Katharine Hepburn — Guess Who’s Coming to Dinner. A liberal couple’s daughter comes home with a black fiancé, and they have to deal with this. It’s pretty big. You probably should have seen it.
Hepburn plays the mother. She’s really great here. Also definitely a finalist.
This is a category where you have to navigate several ‘good enough to win’ performances and figure out which one to vote for, so there’s really not much to say about the performances, because they’re all strong.
My Thoughts: This is actually pretty tough. We’re gonna have to narrow this one down.
First off is Edith Evans. No way. Veteran nomination, and the film was just too weird for my tastes.
Second off — oh man, I hate this — is Audrey. Why? because, while she was great in Wait Until Dark, I can’t vote for her for that performance. I know she was also in Two for the Road this year, and if she were nominated for that, I could use the strength of that performance, along with the fact that she was great here too, to boost her consideration for a vote. But, this way, it comes down to the fact — do I really want a Best Actress winner to be from Wait Until Dark? And I don’t. So she’s off. (This is exactly what happened to Ingrid Bergman in 1943.)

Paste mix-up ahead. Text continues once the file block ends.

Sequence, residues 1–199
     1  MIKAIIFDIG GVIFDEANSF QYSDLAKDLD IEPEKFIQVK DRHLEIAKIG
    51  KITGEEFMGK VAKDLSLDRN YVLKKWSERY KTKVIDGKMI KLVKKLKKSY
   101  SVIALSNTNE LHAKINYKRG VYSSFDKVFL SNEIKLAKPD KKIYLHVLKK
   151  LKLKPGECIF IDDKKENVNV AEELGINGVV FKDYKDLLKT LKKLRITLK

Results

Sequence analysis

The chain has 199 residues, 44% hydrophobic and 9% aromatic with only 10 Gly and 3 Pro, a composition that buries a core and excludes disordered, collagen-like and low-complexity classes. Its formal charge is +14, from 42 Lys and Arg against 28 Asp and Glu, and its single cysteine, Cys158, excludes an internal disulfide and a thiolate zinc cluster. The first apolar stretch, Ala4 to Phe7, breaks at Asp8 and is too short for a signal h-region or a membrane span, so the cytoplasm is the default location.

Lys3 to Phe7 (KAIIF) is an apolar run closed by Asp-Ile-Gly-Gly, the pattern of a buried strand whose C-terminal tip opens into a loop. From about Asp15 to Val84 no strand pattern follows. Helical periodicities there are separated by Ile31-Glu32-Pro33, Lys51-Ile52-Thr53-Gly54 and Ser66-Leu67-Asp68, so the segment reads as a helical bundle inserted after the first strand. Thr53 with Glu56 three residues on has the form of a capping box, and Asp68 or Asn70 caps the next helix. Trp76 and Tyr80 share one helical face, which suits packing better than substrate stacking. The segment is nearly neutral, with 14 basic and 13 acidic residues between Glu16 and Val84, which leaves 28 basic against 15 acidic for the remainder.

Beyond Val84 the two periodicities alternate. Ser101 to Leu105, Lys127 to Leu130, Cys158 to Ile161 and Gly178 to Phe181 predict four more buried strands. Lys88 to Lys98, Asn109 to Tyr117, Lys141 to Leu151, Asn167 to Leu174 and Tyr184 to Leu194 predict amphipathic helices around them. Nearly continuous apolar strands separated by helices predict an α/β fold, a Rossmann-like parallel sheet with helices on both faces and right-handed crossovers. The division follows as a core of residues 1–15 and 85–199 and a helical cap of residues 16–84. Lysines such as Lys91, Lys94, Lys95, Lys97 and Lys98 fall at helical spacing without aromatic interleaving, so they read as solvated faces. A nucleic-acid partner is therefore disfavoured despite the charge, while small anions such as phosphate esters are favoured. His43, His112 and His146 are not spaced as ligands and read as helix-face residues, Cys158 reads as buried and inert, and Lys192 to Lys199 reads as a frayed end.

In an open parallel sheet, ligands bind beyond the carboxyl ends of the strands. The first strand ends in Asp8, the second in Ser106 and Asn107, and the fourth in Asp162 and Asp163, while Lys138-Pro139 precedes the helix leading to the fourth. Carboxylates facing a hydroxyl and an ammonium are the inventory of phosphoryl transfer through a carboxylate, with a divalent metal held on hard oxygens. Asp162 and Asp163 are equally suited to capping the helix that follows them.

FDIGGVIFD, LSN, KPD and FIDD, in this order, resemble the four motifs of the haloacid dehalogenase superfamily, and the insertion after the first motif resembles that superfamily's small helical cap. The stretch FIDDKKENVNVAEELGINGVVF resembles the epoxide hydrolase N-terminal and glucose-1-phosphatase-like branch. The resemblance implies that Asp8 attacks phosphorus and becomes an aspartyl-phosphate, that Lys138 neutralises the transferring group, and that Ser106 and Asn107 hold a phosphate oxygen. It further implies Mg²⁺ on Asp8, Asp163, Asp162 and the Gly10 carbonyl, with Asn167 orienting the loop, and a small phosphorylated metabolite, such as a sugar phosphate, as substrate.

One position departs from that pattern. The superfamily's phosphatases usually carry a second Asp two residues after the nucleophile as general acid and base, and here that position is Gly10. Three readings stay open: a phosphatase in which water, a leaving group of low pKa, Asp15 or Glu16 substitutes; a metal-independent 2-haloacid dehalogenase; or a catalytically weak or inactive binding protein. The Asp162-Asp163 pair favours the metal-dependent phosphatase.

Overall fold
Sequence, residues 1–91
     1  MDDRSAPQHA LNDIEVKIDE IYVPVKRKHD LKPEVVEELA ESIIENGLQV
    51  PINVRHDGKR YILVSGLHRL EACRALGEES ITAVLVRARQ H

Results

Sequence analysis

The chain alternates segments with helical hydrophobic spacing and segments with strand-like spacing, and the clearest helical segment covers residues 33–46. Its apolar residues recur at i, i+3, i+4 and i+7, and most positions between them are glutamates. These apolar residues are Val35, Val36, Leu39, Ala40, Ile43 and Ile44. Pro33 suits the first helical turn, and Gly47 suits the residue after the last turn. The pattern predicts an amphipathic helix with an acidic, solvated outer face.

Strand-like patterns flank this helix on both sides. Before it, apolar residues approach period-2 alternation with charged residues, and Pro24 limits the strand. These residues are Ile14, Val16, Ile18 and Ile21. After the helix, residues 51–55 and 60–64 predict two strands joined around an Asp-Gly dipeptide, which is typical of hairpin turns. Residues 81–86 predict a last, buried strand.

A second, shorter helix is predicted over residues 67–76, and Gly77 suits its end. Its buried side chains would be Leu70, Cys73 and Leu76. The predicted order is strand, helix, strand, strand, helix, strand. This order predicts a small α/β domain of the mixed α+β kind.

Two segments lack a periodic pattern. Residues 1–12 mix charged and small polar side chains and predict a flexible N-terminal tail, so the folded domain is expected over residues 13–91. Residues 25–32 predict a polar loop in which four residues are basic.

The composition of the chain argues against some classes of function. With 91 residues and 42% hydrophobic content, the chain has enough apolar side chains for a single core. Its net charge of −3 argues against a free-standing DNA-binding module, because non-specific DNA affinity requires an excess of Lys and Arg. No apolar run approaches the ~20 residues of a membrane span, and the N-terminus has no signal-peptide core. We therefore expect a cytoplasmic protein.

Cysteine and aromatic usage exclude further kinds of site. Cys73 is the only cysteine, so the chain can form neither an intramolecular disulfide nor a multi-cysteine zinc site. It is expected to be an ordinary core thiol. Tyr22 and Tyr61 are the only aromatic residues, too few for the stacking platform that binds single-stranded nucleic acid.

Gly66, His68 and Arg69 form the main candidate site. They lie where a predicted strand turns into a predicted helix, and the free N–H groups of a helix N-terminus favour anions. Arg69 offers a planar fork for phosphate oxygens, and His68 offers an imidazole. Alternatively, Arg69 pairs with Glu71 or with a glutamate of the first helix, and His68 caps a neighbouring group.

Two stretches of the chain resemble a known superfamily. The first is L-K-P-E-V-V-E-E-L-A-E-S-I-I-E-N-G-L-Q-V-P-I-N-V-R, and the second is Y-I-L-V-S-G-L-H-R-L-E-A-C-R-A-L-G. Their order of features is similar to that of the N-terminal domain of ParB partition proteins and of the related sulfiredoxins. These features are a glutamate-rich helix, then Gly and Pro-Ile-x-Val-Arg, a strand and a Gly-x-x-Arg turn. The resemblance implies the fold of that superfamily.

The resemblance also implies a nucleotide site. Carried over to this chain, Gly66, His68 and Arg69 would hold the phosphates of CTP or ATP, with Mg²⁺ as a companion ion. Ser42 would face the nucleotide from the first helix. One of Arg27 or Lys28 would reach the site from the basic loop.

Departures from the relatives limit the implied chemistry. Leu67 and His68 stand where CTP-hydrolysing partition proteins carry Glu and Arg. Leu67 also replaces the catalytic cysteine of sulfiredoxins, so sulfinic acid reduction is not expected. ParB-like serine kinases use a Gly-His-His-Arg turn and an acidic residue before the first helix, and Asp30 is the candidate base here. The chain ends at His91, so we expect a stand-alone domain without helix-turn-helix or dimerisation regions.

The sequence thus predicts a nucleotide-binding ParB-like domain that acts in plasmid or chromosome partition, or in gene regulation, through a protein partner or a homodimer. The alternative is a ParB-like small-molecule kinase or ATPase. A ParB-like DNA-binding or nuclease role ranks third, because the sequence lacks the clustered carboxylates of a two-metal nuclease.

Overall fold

Third off — ooh, this is tough. I’d say it’s Hepburn. Maybe the two Oscars she won after this is skewing my vote, but, that’s how it is, I guess. I understand how the voting Academy wouldn’t know what she’d do after this, and felt the need to reward her. In the moment, in 1967, this is a terrific decision. It really is. But, since I have hindsight, I can use it. So, using it, that takes her off.
Now, that leaves us between Faye Dunaway and Anne Bancroft. Both deliver iconic performances here. Really iconic. Mrs. Robinson and Bonnie Parker.
Here’s the thing — my reason for voting is selfish. I say Dunaway is the vote. Both had Oscars — that is, Bancroft won in 1962 and Dunaway would win in 1976 — so it’s even there. And really, the performances I consider about even. Though, honestly, I’d give Dunaway the edge there. I thought she was terrific in the film.